Parachutes over Seattle! Director Dan Bradley’s reimagining of John Milius’ original cult hit “Red Dawn” is here, and so are a truckload of contrivances. Although the only thing that was slightly believable setting the stage for a huge land based attack by North Korea, was a cyber-terrorist attack against the United States, that was about it. The silly notion that armies still invade by parachute was pretty ludicrous, but looks cooler, so they threw that in.
Distributor: Film District
Director: Dan Bradley
Cast: Kirsten Stewart, Robert Pattinson, Taylor Lautner, Bill Burke, Michael Sheen, Dakota Fanning
Producers: Beau Flynn, Vincent Newman, Tripp Vinson
Screenwriters: Carl Ellsworth, Jeremy Passmore
Genre: Action, War
Rating: PG-13 for sequences of intense war violence and action, and for language
Running time: 93 minutes
Release date: November 21, 2012
This time, North Korea is the great red scare nation, that would wish to defile the fair and benign U. S. of A, beginning with Seattle. China had been the original enemy, but as the movie was delayed because of original studio MGM’s monetary problems, it is now just being released, even though production was wrapped three years ago in 2009. This was probably the best thing that could have happened for the makers of the newer Dawn, since considering that China has considerable economic sway and owns many U.S. interests, including theater chains, things could have even gone from bad to worse, considering the bad press the film will inevitably face upon release.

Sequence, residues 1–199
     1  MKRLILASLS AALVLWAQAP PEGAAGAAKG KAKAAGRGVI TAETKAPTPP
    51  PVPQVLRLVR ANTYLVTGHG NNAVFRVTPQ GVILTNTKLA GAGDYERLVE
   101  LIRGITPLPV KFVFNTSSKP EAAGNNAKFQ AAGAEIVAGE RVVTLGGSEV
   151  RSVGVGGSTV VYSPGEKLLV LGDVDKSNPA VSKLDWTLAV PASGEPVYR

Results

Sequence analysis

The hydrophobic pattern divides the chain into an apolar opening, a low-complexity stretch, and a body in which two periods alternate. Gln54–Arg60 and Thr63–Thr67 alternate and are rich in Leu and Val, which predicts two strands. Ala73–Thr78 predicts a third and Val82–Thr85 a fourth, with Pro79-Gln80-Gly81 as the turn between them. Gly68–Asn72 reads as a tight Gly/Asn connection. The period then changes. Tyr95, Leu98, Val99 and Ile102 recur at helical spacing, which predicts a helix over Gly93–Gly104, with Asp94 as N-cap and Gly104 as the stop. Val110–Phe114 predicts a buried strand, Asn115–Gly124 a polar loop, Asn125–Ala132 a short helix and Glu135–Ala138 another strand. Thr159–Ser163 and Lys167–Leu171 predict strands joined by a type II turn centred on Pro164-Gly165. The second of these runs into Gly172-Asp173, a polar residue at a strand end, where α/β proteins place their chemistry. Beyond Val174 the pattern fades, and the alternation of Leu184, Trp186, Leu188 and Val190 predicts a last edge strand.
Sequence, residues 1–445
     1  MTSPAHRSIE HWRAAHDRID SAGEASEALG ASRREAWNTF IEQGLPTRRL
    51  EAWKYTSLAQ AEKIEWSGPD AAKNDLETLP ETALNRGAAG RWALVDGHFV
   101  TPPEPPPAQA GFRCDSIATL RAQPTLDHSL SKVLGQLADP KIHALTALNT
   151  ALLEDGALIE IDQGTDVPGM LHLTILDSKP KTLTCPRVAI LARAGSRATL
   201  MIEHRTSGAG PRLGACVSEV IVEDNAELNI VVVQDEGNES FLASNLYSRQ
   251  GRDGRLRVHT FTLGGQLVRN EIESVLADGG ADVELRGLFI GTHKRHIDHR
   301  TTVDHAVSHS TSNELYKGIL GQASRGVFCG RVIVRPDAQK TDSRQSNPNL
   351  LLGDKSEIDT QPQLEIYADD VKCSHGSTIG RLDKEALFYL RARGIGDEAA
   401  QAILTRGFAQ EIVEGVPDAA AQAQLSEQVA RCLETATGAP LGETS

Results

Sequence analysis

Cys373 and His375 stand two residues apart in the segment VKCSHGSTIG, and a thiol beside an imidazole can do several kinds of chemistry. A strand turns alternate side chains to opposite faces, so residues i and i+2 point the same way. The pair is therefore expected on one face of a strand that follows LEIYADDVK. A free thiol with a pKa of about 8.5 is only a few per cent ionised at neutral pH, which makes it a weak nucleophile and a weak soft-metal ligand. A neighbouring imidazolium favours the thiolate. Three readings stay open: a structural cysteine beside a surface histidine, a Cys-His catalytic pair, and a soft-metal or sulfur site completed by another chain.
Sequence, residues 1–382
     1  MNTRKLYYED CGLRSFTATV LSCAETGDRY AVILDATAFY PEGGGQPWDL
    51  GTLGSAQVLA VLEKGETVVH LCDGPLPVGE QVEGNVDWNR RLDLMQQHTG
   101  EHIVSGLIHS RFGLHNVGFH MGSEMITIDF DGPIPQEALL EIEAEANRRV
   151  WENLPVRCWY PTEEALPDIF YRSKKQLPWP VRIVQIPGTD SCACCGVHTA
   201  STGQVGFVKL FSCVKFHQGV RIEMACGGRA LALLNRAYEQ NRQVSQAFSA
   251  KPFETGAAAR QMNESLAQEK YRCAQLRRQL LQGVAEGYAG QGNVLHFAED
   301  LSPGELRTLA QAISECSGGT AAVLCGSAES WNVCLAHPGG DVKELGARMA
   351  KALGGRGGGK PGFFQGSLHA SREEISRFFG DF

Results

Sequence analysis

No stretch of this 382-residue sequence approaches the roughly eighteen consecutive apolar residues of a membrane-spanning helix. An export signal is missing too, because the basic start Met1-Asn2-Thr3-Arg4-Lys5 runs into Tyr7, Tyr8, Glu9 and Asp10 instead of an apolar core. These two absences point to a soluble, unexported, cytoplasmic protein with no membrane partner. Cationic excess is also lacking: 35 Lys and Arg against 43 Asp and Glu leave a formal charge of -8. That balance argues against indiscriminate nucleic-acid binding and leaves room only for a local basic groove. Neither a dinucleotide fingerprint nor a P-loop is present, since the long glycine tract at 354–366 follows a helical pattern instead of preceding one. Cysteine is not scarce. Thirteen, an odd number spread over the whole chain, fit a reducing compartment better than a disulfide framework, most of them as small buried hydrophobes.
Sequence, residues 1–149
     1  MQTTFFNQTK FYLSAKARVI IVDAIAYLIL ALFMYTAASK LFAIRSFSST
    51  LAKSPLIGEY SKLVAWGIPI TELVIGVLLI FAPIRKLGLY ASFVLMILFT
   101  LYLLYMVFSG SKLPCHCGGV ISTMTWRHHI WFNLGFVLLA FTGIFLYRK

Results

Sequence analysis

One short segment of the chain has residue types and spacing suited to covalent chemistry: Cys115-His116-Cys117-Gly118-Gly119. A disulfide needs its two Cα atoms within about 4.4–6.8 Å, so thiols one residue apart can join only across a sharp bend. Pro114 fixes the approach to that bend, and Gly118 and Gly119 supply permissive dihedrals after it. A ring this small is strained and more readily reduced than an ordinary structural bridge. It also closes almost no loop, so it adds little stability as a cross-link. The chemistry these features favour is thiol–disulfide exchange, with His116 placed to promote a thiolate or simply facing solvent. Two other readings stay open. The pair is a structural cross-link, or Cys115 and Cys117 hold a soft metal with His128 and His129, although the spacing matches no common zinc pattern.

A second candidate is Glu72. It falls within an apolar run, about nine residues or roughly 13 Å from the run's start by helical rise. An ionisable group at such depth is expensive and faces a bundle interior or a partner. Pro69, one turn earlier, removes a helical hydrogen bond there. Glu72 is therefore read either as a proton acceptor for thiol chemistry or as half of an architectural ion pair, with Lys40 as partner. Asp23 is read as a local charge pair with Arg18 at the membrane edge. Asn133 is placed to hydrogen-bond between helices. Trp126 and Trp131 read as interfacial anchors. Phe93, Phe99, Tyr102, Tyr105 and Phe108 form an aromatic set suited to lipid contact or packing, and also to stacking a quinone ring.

As in the original, a group of teens, led by Jed Eckert (Chris Hemsworth, pre-Thor fame), his star quarterback brother, Matt (Josh Peck), and other forgettable clichéd characters, escape off into the woods and plot a guerrilla warfare campaign against the evil invaders. Patrick Swayze, Leah Thompson, and Charlie Sheen starred in the 1984 version, which had an over-the-top, hyper-paranoid us vs. them Cold War vibe to it. The newer cast look like spiky-haired conveyor belt clones with the sterile acting chops of a pristine hospital floor.
The score is uninspired and generic, and the disorienting shaky cam whisks from one set-piece to the next. We get to follow our young teen freedom fighters, called the “Wolverines” (after their football team), as they make violent and bloody forays into the nearby occupied areas. Will Yun Lee (Electra, Die Another Day) shows up, playing the nefarious Korean army Captain Lo. Lee appears as if he’s looking at his paycheck off camera somewhere. I probably would be too.
As mobs of modern movie goers mingle at multiplexes across the country on November 21st, the big, loud staccato of automatic weapon’s fire and deafening explosions will probably be enough to sate those with minute attention spans. Like a high priced, shiny sports car without an engine, it’s pretty to look at, but after jumping into, takes you from zero to zero really fast, and is quickly forgotten. I could only hope that this vapid offering doesn’t make enough money to warrant a sequel, as hinted at in it’s unresolved ending.
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